The Right to Fail

It’s my contention that the average Joe or Josephine on the street doesn’t get their behavior scrutinized half as much as people living with mental illnesses do.

On the flip side, the push to advocate for recovery for everyone can be well-intentioned. Yet it can set a person up to feel crummy when a goal they set for themselves doesn’t pan out.

Pat Deegan was prophetic in advocating for The Right to Fail.

I don’t like to use the term failure precisely because it’s a loaded word. Thinking that you have failed sets you up to not want to try again.

Instead you should think in terms of the action you took not panning out. You’re not a failure–you simply tried to do something that wasn’t viable in the end.

Living through the pandemic I’ve been thinking often about giving myself permission to fail at doing things.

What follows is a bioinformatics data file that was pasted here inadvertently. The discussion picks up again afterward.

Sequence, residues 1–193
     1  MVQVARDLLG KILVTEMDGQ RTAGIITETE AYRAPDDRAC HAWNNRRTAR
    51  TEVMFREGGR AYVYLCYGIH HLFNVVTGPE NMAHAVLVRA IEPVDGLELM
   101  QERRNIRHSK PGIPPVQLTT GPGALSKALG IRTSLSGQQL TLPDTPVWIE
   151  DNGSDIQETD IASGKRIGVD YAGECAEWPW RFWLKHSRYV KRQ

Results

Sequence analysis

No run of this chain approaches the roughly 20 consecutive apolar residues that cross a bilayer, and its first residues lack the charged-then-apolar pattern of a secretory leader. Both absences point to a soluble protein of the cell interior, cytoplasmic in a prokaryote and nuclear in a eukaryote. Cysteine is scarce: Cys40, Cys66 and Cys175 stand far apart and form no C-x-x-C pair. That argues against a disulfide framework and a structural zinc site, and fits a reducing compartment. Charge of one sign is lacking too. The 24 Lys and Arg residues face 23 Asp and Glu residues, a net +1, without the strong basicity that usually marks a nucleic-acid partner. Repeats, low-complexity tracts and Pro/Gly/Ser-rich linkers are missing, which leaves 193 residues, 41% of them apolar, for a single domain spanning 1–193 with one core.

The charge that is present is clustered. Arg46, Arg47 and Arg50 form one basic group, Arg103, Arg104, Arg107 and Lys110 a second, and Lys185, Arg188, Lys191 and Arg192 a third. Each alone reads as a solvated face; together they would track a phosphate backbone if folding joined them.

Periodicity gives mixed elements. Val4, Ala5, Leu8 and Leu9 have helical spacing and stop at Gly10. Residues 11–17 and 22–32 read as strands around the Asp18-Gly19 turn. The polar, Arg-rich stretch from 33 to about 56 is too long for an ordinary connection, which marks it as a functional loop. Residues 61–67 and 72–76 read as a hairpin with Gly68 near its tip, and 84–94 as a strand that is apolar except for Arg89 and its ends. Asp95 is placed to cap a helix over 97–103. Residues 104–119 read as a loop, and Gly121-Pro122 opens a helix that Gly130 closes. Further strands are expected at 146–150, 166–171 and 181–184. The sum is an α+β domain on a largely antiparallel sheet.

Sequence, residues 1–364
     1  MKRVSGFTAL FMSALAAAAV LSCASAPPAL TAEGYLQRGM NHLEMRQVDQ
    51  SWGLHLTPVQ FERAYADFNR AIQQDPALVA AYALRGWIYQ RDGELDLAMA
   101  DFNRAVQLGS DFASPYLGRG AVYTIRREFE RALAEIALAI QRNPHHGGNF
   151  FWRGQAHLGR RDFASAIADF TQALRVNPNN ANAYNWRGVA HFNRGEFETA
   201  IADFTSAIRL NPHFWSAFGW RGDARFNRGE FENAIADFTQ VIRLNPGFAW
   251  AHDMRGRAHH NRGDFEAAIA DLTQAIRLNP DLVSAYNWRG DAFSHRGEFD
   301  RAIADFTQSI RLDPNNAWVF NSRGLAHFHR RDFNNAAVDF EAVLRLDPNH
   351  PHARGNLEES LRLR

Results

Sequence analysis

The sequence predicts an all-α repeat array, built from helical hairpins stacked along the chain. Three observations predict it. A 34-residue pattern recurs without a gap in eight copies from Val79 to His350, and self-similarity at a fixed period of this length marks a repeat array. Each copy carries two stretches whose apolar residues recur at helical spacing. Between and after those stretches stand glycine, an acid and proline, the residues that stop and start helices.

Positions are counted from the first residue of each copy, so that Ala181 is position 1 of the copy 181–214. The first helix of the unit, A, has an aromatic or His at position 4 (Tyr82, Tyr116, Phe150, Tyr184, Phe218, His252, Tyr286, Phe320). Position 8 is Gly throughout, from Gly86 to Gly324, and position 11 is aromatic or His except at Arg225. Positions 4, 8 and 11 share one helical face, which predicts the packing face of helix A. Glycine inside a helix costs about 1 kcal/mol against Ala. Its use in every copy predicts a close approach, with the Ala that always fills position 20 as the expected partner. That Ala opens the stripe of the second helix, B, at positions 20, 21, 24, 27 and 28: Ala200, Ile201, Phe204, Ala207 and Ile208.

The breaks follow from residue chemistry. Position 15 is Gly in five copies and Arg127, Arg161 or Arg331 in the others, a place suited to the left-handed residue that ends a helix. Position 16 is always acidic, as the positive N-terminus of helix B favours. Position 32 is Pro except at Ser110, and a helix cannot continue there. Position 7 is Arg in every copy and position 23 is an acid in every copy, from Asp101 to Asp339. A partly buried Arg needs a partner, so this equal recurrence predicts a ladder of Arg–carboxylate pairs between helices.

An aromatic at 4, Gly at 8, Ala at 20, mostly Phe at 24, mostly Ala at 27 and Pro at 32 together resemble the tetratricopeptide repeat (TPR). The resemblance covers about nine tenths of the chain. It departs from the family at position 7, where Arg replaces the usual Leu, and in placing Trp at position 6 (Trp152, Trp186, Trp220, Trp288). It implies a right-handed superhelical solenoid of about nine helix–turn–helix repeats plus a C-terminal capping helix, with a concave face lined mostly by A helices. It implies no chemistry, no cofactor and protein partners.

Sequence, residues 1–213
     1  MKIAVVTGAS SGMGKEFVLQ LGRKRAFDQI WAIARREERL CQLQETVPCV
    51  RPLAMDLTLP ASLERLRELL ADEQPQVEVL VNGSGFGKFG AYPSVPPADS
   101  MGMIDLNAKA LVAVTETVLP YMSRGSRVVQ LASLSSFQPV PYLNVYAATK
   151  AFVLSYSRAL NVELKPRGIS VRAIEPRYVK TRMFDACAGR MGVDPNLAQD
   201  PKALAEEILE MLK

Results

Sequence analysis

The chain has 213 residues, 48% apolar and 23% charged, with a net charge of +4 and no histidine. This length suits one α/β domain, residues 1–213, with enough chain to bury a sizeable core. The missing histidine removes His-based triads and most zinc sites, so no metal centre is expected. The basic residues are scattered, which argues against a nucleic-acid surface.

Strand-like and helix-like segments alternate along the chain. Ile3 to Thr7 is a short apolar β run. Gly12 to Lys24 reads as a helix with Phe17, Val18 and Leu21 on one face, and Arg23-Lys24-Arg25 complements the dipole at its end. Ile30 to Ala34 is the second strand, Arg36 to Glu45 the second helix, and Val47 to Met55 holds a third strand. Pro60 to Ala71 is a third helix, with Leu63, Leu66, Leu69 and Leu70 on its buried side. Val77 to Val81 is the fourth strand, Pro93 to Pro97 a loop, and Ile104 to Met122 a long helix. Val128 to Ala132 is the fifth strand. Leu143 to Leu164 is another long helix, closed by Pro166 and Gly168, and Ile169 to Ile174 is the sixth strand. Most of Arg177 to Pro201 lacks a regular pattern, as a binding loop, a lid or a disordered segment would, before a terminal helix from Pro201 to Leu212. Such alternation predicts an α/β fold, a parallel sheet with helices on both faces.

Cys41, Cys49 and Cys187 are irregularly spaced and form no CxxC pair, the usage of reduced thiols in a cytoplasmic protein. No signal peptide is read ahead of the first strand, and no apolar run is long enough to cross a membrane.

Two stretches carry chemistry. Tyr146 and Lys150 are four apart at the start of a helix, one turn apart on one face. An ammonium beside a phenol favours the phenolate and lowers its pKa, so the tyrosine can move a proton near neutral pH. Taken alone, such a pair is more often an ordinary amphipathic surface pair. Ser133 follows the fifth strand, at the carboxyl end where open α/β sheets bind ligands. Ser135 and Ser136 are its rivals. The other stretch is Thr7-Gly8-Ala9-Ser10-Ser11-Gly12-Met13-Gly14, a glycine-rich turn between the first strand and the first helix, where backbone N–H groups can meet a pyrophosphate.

For one I’m temperamentally unsuited to clean my apartment. Instead of doing my own wash I have a laundry service pick up and deliver back my laundry.

As well there are two donation bags that have been on the floor since March to take to the Salvation Army.

Fail boldly, I tell you.

Take the risk to achieve a goal. The outcome might sink like a lead balloon in a pond. That’s the signal to do things differently or to do a different thing.

My failed first career in corporate insurance offices is a cautionary tale about failure. It’s also a redemptive one.

I’ll talk next about the emotions that come up surrounding taking risks. And why sometimes you just have to risk trying one thing and then trying another.

Learning from our failures is the goal.

Author: Christina Bruni

Christina Bruni is the author of the new book Working Assets: A Career Guide for Peers. She contributed a chapter "Recovery is Within Reach" to Benessere Psicologico: Contemporary Thought on Italian American Mental Health.

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